9. nbfman

    nbfman New Member

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    For something like a saddle, it if were me, I would have no qualms about buying on the internet. However, I find that many LBS's are open to price negotiation. They may not go as low as on-line, but they might go low enough to make their price worth it.
     
  10. dannomyte

    dannomyte New Member

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    Some bike shops actually have online stores as well.. I try to support my LBS as well, but up here in Winnipeg it's sometimes hard to even find stores with any kind of selection so it makes it easier to go online.
     
  11. alienator

    alienator Well-Known Member

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    In case you've not used QBike, here are its results for your saddle.
     
  12. Peter@vecchios

    [email protected] New Member

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    Ok, as a bike shop owner. Do I get sweated up when somebody buys something online or MO, no. I understand the market, my shop is service based. I build bikes all the time with a frame and box of parts brought in. BUT generally speaking, if you buy it online, then have a problem with it, and I act as your warranty center, don't be upset that when they check the barcode, if it has one, and it was black or gray market, you don't have a warranty.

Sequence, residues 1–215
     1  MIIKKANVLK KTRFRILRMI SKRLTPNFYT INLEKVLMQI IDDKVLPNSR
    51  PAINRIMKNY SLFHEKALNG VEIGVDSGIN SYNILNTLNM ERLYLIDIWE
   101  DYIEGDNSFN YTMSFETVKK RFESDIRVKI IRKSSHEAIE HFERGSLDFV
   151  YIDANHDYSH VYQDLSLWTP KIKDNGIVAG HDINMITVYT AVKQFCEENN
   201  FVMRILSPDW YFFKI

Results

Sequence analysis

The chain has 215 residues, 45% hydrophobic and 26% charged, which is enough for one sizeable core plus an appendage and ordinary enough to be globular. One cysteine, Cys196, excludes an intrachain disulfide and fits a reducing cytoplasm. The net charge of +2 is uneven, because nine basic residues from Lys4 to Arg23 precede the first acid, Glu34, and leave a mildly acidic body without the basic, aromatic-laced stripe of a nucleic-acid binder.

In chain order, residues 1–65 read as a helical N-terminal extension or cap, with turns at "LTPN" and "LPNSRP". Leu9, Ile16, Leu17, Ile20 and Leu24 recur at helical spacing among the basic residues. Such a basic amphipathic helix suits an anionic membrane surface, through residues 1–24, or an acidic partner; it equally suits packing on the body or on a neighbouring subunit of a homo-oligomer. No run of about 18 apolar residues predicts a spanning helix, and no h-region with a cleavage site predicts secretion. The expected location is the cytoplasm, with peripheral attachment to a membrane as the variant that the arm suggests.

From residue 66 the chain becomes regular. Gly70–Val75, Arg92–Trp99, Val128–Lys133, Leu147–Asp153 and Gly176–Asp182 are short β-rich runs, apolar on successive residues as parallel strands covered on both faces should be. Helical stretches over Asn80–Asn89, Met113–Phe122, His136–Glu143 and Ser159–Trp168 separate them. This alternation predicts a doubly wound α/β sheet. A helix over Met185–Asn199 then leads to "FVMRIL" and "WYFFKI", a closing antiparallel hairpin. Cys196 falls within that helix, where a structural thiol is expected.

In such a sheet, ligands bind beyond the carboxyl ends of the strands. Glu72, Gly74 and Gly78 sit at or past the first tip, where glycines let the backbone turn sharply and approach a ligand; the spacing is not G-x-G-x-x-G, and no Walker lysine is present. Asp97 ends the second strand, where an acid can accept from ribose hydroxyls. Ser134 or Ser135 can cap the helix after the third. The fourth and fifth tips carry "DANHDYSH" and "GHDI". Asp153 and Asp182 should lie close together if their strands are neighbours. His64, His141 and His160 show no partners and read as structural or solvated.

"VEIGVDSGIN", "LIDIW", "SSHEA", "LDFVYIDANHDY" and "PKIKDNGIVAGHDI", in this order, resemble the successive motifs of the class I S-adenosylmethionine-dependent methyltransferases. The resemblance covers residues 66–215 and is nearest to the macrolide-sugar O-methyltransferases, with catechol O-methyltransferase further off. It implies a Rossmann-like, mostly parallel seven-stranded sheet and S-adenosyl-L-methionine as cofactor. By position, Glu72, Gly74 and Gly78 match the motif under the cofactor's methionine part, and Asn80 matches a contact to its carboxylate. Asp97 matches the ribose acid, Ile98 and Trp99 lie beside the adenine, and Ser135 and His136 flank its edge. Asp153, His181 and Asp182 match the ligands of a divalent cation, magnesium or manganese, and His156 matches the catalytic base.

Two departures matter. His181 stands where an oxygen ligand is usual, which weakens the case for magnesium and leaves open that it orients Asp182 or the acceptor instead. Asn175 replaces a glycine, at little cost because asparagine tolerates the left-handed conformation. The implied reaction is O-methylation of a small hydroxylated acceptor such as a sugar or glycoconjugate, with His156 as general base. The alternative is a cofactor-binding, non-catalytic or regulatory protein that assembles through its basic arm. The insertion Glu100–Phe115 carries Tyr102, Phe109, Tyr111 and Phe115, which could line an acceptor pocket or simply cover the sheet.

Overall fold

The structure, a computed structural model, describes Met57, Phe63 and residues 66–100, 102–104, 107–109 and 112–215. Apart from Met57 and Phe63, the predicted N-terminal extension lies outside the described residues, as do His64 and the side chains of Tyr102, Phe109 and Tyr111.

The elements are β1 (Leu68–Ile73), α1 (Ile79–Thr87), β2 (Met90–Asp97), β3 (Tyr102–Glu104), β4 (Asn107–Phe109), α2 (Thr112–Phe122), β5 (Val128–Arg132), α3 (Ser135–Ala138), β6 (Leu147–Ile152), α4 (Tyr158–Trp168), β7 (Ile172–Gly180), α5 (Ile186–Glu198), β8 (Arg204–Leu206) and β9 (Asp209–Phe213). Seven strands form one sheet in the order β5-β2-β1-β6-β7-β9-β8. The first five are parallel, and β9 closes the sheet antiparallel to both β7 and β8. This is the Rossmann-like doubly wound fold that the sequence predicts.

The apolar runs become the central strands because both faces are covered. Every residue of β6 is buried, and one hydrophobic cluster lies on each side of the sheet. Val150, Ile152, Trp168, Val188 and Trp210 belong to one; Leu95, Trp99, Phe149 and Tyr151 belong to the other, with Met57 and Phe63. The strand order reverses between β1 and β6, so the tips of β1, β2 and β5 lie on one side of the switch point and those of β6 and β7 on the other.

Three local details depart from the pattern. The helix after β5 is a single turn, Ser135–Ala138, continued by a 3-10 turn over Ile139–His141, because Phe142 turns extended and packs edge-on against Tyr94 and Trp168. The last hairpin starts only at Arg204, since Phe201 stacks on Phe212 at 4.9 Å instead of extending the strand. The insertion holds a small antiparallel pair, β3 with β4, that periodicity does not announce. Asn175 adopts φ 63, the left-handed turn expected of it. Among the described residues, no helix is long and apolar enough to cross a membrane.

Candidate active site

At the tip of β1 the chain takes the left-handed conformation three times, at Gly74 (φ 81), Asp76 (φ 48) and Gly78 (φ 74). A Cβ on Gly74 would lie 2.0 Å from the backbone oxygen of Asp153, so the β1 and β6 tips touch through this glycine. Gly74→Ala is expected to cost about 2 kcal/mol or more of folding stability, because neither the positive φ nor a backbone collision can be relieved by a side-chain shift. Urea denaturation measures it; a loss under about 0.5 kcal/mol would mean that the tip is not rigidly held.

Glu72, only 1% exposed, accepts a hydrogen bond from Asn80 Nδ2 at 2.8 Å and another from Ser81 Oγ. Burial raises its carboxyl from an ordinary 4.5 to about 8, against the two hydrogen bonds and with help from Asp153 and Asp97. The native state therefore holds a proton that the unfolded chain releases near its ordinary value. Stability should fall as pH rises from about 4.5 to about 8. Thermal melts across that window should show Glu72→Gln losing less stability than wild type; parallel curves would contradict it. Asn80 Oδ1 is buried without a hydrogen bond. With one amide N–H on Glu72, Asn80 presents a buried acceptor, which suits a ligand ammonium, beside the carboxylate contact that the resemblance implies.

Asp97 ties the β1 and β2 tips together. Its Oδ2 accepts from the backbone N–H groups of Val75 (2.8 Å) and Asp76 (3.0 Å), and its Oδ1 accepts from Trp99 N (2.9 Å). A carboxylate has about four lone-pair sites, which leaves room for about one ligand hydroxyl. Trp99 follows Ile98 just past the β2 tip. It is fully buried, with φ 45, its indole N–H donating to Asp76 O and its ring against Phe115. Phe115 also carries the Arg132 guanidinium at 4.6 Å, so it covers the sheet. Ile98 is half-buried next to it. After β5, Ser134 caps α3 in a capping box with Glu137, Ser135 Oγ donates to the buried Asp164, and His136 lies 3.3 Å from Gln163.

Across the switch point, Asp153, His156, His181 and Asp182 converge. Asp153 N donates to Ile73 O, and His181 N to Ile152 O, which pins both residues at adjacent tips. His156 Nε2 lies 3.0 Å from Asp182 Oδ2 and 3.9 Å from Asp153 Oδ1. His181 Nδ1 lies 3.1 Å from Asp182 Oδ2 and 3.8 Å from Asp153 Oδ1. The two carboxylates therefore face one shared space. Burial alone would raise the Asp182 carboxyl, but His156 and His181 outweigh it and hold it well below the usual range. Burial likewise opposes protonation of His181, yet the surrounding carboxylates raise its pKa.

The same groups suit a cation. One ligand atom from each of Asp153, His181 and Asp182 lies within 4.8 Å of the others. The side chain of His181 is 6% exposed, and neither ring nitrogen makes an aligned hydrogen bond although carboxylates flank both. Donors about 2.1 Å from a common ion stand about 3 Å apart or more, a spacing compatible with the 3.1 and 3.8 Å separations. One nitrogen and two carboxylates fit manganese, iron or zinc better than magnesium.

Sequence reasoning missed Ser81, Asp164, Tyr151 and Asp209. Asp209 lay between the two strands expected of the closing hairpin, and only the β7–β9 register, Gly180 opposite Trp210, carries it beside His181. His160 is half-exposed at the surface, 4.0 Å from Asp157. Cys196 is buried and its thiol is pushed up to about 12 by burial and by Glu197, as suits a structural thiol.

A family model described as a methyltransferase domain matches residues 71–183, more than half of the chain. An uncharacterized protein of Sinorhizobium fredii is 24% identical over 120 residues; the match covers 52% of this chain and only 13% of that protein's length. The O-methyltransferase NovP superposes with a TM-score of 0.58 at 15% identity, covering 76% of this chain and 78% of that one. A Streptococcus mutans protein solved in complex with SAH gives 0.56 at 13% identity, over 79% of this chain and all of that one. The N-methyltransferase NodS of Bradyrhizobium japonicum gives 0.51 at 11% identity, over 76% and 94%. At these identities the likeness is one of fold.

So, I applaud people that get good deals, BUT I 'may' call a manufacturer or distributor and mention that some online bike shop is selling below MSRP, and let them sort it out.
     
  13. catlike

    catlike New Member

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    Perhaps in America, but I doubt that it is legal in Europe (for distributor).
     
  14. Peter@vecchios

    [email protected] New Member

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    I hear that all the time and it's not illegal. A distributor can sell to anybody they wish, even in Europe. If a distributor wishes to NOT sell to bike shop ABC, they have that right also. It's NOT about price fixing, which is illegal. It's about picking your customers, as a distributor or manufacturer.

    So, if ya buy a wad of SR 11s groups, and want to sell them for $10 each, go ahead BUT don't be surprised that when you want to reorder, they are 'out of stock' on what you need.
     
  15. catlike

    catlike New Member

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    But there are a lot of online stores that sells equipment well below the SMRP for years. It doesn't looks like Shimano or Compagnolo (or their distributors) are afecting them at all. Why? Because they sell a lot?
     
  16. frenchyge

    frenchyge New Member

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    If it's not about price fixing, they why does the distributor care what the retailer resells them for? If distributor makes its profit on the sale to the retailer, then why refuse to sell to them again (and make that profit again) *unless* it's about pressuring that particular retailer to step in line with what the others want to charge?